“The gold standard used to be rates that were just and reasonable. The Green Energy Act is stuffing your power bill with hidden charges.” ~ Tom Adams
by Karen Howlett — Globe and Mail
Ontario’s energy regulator has quietly shifted responsibility for building costly new electricity systems from investors to consumers, a move that partly accounts for a sharp spike in hydro bills, critics say.
Seven months ago, the Ontario Energy Board gave industry players the go-ahead to crank up their profits substantially. But information about the change was not widely reported until the New Democratic Party raised it in the legislature on Thursday.
Industry critics say the regulator has abandoned more than 100 years of tradition, in which an electricity utility borrowed money to build an asset and then recovered its costs from consumers once the new power was delivered to their homes.
The board’s ruling says that Ontario Power Generation, Hydro One, Toronto Hydro and other utilities can bill consumers upfront to help recover their construction costs.
“The board will allow utilities to apply to include up to 100 per cent of prudently incurred [construction] costs in rate base,” the ruling says.
It also says the utilities can earn a return on equity of 9.85 per cent for this year, up from a previous rate of 8.4 per cent. NDP Leader Andrea Horwath said on Thursday that the higher rate pads the bottom line of utilities at the expense of consumers, who will be hit with another $240-million a year in hydro costs, an average of $60 for each family in Ontario.
The board has adopted the customer-based funding model at a time when the McGuinty government is making a big push to modernize the province’s electricity system and replace pollution-spewing coal-fired plants with greener sources of power.
Michael Janigan, executive director and general counsel of the Public Interest Advocacy Centre, represented seniors and low-income consumers at board hearings on the rate increase. He said the board set the return on equity based on what utilities earn in the United States, where the risks associated with building new systems are typically greater.
“We were somewhat alarmed by the fact that fairness to the utilities was considered first and foremost over fairness to Ontario ratepayers,” Mr. Janigan said in an interview.
Alan Findlay, a spokesman for the board, said utilities need to attract investment to operate and pay for maintaining their systems. “In order to attract that investment,” he said, “their ROE needs to be competitive with other jurisdictions.”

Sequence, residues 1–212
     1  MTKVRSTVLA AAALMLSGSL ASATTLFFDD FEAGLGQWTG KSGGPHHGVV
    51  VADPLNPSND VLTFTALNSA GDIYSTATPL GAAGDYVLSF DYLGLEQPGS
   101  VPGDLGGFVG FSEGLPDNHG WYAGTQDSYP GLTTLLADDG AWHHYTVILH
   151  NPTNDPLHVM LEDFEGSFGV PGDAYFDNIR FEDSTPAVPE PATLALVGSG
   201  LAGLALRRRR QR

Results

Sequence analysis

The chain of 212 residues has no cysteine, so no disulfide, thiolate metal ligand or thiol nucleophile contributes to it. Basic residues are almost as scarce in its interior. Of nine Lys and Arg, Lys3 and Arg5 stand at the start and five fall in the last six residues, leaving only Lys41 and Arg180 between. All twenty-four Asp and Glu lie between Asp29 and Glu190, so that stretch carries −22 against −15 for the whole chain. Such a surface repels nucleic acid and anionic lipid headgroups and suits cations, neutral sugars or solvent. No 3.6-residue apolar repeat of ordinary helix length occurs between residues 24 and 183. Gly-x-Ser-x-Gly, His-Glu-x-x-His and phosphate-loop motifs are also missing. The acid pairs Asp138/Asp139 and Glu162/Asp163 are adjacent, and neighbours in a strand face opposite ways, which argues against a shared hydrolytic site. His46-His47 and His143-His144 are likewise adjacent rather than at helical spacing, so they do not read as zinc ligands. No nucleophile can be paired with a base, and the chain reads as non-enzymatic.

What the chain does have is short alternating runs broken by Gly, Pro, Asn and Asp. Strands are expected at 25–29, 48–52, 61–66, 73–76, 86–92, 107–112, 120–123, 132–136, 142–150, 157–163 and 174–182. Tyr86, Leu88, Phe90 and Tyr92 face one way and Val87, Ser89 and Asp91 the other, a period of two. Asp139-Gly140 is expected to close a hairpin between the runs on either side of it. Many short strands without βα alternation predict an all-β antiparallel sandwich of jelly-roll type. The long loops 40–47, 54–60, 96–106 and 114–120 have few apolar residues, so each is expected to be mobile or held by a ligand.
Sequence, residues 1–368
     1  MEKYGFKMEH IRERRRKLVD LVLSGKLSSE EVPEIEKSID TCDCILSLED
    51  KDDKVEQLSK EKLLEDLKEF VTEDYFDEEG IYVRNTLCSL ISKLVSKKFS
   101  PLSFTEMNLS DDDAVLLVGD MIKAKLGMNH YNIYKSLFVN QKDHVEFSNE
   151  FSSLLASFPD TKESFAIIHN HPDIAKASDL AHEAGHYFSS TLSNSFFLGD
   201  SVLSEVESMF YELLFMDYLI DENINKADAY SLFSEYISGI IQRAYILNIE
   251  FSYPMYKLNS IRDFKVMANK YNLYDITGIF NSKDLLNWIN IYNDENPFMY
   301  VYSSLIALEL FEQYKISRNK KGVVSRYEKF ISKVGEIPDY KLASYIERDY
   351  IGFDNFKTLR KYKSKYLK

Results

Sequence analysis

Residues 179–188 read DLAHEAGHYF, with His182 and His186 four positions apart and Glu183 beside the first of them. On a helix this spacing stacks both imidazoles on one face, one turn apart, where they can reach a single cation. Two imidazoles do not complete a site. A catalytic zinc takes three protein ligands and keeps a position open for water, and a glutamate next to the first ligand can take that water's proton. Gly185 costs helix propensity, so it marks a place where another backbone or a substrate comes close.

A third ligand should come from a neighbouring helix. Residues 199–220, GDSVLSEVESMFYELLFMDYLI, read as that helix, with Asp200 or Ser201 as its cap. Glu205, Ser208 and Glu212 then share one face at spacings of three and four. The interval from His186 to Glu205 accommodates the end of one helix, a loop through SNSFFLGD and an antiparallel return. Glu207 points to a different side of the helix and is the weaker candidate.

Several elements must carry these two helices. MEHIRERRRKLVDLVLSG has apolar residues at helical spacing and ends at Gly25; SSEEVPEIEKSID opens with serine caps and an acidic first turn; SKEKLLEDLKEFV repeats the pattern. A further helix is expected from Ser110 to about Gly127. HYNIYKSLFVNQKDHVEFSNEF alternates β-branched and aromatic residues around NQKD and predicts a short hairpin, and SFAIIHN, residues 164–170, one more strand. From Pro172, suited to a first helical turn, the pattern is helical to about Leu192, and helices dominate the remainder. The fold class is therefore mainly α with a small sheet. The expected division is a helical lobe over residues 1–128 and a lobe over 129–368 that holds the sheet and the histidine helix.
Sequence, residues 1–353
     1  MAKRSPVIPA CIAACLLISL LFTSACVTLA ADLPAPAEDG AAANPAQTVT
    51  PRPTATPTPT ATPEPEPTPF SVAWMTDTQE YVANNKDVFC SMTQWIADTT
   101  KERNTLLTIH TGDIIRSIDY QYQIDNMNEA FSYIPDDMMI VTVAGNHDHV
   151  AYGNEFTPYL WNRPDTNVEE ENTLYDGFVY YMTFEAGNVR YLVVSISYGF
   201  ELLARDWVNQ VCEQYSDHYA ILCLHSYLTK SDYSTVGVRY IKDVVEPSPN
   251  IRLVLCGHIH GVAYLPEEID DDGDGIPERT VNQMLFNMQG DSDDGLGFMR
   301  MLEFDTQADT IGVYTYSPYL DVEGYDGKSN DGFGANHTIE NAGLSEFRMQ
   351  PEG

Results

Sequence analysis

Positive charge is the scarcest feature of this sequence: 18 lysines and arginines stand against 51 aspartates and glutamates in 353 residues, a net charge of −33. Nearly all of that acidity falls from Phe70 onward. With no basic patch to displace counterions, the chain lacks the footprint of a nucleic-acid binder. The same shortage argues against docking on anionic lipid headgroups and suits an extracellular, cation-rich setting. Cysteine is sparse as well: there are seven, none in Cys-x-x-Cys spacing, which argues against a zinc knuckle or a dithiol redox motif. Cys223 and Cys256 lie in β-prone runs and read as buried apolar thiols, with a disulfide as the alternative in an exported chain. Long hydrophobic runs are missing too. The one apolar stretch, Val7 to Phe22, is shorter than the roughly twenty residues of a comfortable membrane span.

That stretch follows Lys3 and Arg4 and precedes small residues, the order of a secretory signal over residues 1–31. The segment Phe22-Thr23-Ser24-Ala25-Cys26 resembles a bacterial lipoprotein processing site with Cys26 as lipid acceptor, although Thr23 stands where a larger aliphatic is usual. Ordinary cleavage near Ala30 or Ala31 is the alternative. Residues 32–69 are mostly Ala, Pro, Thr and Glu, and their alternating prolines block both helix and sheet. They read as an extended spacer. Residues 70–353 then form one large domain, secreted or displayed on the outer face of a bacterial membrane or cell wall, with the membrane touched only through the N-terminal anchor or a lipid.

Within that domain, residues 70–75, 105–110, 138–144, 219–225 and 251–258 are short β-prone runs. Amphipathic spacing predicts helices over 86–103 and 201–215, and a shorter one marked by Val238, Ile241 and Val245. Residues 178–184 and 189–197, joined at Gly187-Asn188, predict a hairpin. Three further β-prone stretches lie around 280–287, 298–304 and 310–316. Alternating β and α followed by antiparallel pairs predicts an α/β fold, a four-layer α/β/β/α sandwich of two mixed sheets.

Energy consultant Tom Adams blames the McGuinty government’s Green Energy Act for the fact that the board will now allow utilities to charge consumers for the costs of assets under construction but not yet in service.
“The gold standard used to be rates that were just and reasonable,” he says in a paper titled Electric Rate Shock: Ontario Energy Board. “The Green Energy Act is stuffing your power bill with hidden charges.”
Energy Minister Brad Duguid has been under siege in recent days over rapidly rising hydro rates. He appeared to be caught off guard by the attack on Thursday, insisting – erroneously, it turns out – that the board’s ruling applies just to private utilities and not to Crown-owned Hydro One and Ontario Power Generation.
However, Mr. Findlay at the Energy Board confirmed that the new return-on-equity rate applies to the two Crown-owned utilities.
Mr. Duguid said he has asked both Hydro One and Ontario Power Generation to scale back their requests for rate increases for 2011-12. He said hydro bills are climbing because the McGuinty government is modernizing the province’s electricity systems.
“These aren’t arbitrary investments,” he told reporters. “These are investments to make sure we can keep the lights on and have a reliable source of energy.”
Ms. Horwath said the higher rates approved by the board will just go straight to the utilities’ bottom lines.
“It’s making Ontarians pay through the nose just to pad these profits,” she told reporters.
Purpose: To regulate the province’s electricity and natural gas sectors in the public interest.
Head honcho: Chairman and CEO Howard Wetston.
Number of employees making $100,000-plus: 96.
Top Salary: Wetston made $492,148 in 2009.
Ontario Power Authority
Purpose: To plan and procure electricity supply from diverse resources and facilitate the measures needed to achieve ambitious conservation targets.
Head honcho: CEO Colin Anderson.
Number of employees making $100,000-plus: 75.
Top Salary: Anderson made $573,027 in 2009
Who pays the tab for the OPA and OEB? Ontario hydro ratepayers.
(Source: Ontario government salary disclosure)